This LLC package is intended to guide and support you. If you have been considering LLC formation, this package highlights the advantages of this business entity while offering answers to some of the most frequently asked questions. Overall, an LLC is a hybrid entity that combines the pass-through taxation of a sole proprietorship or partnership with the limited liability protection of a corporation. 

What is a Limited Liability Company?

An LLC or limited liability company is a business entity which offers a number of benefits, including pass-through taxation and limited liability protection. Like corporations, an LLC is considered to be a separate entity from its owner(s). This means that owners will not be responsible for any of the company's debts or liabilities. 

In terms of taxation, LLCs are not taxed themselves. Instead, the company's owners report any income or losses on their individual tax returns. Currently, in all states except for Massachusetts, you can form a one-member LLC. However, this is expected to change in the future. 

Advantages of an LLC

When forming an LLC, owners gain many advantages. In many cases, these benefits are not available to partnerships or sole proprietorships

These include, but are not limited to:

  • Limited liability protection — This means that LLC owners will not be held personally responsible for any of the company's debts or liabilities. 
  • Pass-through taxation — Since LLCs do not typically pay any taxes at the business level, all of the company's profits and losses will be reported on the owners' individual tax returns. 
  • Greater flexibility — This is true in regards to operations and the allocating of profits. 
  • No restrictions on ownership — Unlike a corporation, an LLC is not limited to 100 owners. 
  • Various membership classes — LLCs can have more than one class, whereas corporations are limited to just one. 
  • Credibility — By forming an LLC, you will be viewed as a more legitimate business. 


Here are some of the most commonly asked questions to guide you through your new business venture. 

What LLC forms do I need to start this type of business?

Forming an LLC is fairly straightforward. The main documentation you need to be aware of is your articles of organization. These must be completed and then filed with the state. 

What should I name my LLC?

Choosing your business name is a critical step, which is why you should put some thought into what your company will be called. What is it that you want your name to say about your business? What image would you like your brand to represent? These are the types of questions you should ask yourself.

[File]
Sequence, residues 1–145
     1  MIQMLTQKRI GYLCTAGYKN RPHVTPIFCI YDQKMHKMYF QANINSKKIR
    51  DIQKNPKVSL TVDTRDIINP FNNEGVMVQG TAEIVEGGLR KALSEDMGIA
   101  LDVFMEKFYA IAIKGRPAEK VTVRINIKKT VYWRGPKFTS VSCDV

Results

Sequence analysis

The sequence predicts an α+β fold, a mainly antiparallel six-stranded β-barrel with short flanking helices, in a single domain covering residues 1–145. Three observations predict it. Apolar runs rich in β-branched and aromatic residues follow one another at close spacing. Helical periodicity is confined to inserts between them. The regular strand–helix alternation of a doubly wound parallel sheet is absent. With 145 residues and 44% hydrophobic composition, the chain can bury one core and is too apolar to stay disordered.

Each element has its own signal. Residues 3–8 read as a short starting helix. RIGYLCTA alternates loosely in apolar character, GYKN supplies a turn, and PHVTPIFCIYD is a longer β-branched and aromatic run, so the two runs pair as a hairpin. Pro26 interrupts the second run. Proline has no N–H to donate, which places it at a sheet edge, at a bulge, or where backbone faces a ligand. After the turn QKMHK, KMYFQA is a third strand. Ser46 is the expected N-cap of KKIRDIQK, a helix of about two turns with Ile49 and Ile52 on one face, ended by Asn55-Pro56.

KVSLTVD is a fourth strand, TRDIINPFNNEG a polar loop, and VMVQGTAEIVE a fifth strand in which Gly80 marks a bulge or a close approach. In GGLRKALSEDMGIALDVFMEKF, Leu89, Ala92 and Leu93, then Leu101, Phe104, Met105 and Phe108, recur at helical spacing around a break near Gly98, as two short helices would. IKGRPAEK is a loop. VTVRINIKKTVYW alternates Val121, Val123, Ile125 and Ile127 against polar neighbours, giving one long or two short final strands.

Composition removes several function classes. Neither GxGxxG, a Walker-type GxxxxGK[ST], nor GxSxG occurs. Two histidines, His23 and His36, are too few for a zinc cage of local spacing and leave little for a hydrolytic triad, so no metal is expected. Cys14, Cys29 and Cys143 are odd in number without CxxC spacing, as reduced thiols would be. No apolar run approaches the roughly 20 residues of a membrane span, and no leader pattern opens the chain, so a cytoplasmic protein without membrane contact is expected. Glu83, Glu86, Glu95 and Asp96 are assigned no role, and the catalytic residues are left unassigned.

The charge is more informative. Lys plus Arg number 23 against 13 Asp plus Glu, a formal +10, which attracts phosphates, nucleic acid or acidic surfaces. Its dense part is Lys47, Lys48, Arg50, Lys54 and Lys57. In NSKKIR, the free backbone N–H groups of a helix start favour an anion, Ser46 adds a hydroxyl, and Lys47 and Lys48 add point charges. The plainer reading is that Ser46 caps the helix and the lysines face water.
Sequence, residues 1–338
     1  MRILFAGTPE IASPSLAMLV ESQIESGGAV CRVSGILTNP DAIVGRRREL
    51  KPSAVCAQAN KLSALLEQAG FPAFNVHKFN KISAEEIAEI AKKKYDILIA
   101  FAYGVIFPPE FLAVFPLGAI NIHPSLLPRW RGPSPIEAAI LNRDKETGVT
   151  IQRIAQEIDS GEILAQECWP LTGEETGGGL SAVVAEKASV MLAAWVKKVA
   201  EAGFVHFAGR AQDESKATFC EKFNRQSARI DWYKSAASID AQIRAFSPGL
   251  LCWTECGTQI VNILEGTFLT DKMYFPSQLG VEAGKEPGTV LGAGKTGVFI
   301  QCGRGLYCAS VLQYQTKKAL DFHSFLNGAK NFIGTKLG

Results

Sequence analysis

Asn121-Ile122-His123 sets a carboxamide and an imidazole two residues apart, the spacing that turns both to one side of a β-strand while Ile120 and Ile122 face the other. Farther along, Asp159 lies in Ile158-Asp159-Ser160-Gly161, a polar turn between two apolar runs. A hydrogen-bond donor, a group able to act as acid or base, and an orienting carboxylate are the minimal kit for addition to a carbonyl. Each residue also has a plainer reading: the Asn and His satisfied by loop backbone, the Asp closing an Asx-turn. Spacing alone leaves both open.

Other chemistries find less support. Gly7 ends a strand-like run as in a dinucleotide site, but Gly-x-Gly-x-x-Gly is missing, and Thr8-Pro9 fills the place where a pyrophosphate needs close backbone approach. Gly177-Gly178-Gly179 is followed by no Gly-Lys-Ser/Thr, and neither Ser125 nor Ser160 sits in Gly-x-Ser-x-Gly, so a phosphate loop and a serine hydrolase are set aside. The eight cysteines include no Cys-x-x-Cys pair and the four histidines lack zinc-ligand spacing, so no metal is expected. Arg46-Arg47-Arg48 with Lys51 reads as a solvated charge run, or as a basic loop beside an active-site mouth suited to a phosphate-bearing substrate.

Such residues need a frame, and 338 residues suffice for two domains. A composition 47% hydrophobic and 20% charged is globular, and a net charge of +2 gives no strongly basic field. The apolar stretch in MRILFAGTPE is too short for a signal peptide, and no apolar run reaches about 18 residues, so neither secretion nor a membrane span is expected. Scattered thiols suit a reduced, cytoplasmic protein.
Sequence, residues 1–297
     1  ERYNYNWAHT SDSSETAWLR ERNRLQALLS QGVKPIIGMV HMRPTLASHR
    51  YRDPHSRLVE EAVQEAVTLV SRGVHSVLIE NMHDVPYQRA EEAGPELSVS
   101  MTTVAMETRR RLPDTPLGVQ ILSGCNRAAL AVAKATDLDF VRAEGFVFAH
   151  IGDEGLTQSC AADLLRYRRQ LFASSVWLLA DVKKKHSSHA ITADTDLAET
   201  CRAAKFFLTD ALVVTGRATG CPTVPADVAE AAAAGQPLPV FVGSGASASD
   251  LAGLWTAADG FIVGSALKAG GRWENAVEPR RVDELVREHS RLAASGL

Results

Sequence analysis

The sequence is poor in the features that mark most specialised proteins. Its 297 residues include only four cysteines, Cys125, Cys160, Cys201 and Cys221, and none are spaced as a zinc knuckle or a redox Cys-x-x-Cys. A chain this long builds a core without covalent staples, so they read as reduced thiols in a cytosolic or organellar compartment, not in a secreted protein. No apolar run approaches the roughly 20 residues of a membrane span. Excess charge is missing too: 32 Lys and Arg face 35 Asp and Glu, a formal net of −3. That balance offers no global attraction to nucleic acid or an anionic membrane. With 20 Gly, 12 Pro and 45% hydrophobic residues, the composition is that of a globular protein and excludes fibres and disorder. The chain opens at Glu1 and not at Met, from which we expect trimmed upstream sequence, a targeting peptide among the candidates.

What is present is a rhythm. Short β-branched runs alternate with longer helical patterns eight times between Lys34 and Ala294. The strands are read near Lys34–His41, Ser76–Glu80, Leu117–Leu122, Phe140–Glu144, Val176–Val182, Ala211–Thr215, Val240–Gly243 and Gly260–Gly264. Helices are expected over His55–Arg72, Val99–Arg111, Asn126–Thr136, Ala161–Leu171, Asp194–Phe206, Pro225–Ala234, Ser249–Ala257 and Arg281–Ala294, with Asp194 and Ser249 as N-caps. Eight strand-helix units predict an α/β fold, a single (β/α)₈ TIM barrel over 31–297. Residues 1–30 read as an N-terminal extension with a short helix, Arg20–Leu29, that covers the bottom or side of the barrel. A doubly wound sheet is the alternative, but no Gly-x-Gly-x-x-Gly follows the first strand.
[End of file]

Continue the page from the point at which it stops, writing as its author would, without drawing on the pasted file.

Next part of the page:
You will also want to select a name that is easy to spell and remember. Once you have chosen a name (and conducted a thorough name search), know that your name must legally include "limited liability company" or an abbreviation, such as "LLC."

How is an LLC taxed?

Depending on how you have structured your business will determine how you're taxed. For example, multi-member LLCs must file an informational tax return, whereas a single-member LLC does not. Being a 'pass-through' entity, all of the company's profits and losses are reported on the owners' personal tax returns. In some cases, LLCs elect to be taxed as a corporation

LLC Formation Packages

The following resources will further support your curiosity and answer any questions you may have:

There many reasons why business owners decide to form an LLC. If you are looking for a flexible, easy-to-form business structure with added tax benefits, you should consider creating a limited liability company. After reading the information above, you may have specific questions based on your circumstances. If so, it is recommended that you seek professional support. Although you do not require an attorney to form an LLC, when multiple members are involved, it's best to seek a legal advice. 

If you need help understanding the full meaning of an LLC, you can post your legal need on UpCounsel's marketplace. UpCounsel accepts only the top 5 percent of lawyers to its site. Lawyers on UpCounsel come from law schools such as Harvard Law and Yale Law and average 14 years of legal experience, including work with or on behalf of companies like Google, Menlo Ventures, and Airbnb.